Coronageddon whacked the watch industry but good. The economic downturn’s ongoing effects are dire, especially at the luxury end of the market. The Richemont group – owners of high end horology crown jewels like A. Lange & Söhne, Vacheron, IWC and Jaeger-leCoultre – is joining its customers in the pandemic practice known as “revenge saving.” Richemont chairman Johann Rupert’s Friday afternoon statement:
Amid the unprecedented effects of the COVID-19 pandemic and the uncertainty surrounding broader economic conditions, the board of directors has decided that it is appropriate to retain an extra liquidity buffer.
To that end, Richemont has halved its annual dividend to CHF 1 per share. Richemont is keeping the cash that would have otherwise gone to investors to protect itself against both the short and long-term effects of the coronavirus catastrophe.
This corporate “revenge saving” reflects Mr. Rupert’s brutally frank assessment in the company’s last financial report: “No-one can say when we will see economic activity normalise.” In case the financial community missed it, Friday’s statement reiterated the point:
Predicting the likely scope and timing of a recovery in demand remains difficult, if not impossible. A surge in Covid-19 cases has forced countries to reverse reopenings and to reimpose restrictions. [ED: true story.]
To assuage investors, Richemont is offering them stock warrants: a chance to buy Richemont stock at a future date at a set price, regardless of the stock price on that date. If Richemont stock is worth more than the set price, ba-bam! If not, damn!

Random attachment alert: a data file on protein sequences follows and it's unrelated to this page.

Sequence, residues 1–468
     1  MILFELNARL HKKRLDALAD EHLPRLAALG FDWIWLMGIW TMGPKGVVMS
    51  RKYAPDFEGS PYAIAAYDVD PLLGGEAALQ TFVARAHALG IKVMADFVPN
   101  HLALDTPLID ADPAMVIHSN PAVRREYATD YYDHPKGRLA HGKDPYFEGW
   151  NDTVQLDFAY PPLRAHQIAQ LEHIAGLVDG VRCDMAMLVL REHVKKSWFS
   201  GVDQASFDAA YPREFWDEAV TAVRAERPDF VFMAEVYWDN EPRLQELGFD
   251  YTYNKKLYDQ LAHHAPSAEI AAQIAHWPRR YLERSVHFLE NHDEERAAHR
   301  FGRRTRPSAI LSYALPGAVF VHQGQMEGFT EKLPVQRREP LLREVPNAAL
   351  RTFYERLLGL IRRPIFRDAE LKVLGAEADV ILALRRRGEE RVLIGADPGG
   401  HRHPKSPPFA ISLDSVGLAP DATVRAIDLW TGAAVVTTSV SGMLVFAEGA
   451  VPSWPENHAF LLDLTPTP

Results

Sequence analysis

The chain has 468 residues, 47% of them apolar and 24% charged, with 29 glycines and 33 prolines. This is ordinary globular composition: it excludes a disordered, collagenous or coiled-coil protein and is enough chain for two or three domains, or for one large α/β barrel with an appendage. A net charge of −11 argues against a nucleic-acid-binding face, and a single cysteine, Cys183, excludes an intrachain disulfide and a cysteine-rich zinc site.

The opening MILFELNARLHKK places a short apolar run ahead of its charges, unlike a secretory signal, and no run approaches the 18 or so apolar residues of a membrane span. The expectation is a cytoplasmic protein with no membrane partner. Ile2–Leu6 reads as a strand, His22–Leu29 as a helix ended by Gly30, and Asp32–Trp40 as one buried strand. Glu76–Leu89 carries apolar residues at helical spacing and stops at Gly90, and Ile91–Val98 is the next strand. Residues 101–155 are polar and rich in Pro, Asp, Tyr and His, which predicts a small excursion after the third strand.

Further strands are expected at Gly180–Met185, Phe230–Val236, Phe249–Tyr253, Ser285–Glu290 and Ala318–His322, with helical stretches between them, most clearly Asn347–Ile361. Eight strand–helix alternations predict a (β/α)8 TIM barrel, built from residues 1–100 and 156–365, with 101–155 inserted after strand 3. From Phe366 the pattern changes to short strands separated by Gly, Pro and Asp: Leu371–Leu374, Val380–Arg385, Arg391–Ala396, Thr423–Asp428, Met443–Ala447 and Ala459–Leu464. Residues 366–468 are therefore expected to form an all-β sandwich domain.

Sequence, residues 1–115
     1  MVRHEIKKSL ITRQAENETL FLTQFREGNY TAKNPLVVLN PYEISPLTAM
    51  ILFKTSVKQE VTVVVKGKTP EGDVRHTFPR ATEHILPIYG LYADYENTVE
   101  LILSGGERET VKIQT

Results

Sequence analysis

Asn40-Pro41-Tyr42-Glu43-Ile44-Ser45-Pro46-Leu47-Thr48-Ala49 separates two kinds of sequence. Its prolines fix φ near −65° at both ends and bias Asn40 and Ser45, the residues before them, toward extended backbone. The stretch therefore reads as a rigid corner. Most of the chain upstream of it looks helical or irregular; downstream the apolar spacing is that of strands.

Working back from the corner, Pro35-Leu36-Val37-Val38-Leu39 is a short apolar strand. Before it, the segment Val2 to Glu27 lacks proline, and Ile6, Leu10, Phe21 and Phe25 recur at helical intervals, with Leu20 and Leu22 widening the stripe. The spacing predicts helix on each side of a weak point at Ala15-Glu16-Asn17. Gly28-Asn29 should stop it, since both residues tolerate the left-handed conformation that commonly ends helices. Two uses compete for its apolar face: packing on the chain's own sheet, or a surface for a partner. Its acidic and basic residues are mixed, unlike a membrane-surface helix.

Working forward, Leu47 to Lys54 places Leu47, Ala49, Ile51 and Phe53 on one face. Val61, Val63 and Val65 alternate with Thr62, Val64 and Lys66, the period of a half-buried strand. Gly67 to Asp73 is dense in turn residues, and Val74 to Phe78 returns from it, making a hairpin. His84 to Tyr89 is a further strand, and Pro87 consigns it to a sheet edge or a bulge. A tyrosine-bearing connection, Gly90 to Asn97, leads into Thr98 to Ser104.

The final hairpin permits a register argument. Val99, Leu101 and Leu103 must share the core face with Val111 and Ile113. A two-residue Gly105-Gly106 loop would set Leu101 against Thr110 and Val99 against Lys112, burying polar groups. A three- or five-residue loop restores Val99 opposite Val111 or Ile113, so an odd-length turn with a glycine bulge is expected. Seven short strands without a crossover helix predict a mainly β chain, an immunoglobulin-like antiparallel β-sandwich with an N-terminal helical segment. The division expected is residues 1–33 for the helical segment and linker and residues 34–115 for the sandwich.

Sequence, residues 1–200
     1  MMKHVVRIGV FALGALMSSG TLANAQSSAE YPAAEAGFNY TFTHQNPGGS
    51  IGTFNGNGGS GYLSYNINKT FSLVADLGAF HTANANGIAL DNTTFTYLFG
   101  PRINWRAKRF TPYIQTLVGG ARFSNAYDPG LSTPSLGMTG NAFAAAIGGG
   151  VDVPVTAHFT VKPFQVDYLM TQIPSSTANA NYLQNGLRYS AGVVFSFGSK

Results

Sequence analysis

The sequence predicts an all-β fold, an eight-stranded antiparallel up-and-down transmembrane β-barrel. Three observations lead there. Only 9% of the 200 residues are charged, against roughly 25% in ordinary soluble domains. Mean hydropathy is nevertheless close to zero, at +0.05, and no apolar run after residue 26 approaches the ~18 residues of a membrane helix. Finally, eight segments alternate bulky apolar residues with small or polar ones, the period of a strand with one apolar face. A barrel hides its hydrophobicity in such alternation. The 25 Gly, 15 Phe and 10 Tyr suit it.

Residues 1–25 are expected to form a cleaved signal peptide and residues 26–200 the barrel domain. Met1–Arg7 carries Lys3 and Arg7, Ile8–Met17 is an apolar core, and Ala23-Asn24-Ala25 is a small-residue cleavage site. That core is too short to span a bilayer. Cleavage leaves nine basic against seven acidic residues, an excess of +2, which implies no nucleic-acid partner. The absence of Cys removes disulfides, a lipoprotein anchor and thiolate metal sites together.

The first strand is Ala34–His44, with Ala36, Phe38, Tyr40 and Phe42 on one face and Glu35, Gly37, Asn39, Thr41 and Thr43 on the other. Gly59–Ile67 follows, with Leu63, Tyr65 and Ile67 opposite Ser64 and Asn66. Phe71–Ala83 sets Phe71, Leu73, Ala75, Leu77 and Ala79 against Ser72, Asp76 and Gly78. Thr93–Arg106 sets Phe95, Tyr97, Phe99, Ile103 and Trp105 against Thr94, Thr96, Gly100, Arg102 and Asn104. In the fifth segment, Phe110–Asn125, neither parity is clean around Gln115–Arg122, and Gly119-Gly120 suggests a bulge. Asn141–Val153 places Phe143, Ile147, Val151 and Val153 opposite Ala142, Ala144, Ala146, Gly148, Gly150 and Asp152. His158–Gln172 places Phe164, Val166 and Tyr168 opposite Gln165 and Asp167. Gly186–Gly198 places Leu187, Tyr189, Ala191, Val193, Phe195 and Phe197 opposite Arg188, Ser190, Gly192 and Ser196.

So Richemont gets both the withheld dividend and warrant holders’ cash. They can use the money to keep the ship afloat in this, the worst of all possible worlds. The clock is ticking, and happy hands it ain’t . . .
Due to the prevailing uncertainty, we have decided to set the maturity of the warrants at three years, to capture the potential future upside in the market price of Richemont shares, once all the challenges of the COVID-19 pandemic will have hopefully been overcome.
Hopefully? Is this guy Debbie Downer or what? I’m thinking “what” – as in a responsible financial steward in the midst of an unprecedented crisis.
As opposed to the Swatch Group’s financial team, who took the stage to paint the rosiest of pictures of a post-Coronageddon recovery, without once mentioning revenge saving.
Swatch pointed at China’s pos-COVID-19 economic recovery as the sign of things to come worldwide. Whether or not The People’s Republic of China is a bellwether, Swatch and rest of the luxury watch mob have bet the farm on communism’s wealthiest beneficiaries.
The chart above doesn’t provide the full context of the recovery. COVID-19 has literally trapped Chinese luxury goods buyers in China – locking-up an estimated $111b of sales that would normally have gone overseas (one way or another).
So luxury watch sales up in China, down in Chinese and Asian tourist meccas like London, Paris, New York, Milan and, especially, Macau. Net – net? Not good.
Those sales aren’t coming back. Bain & Co reckons more than half of all Chinese luxury goods purchases will be made domestically by 2025. By that time, they say, China will be the world’s largest luxury goods market.
Maybe not. With the U.S. – China cold war intensifying, with The Coming Collapse of China (no commission on link), imagine what would happen to the luxury watch business if 50 percent or more of its market suddenly went down the tubes?
Meanwhile, there’s a shortage of Swiss watches in China, normally purchased abroad and returned to the mainland. And a shortage of Swiss watch customers everywhere else.
Richemont may not know which way the winds blowing, but they know it’s time to batten down the hatches.
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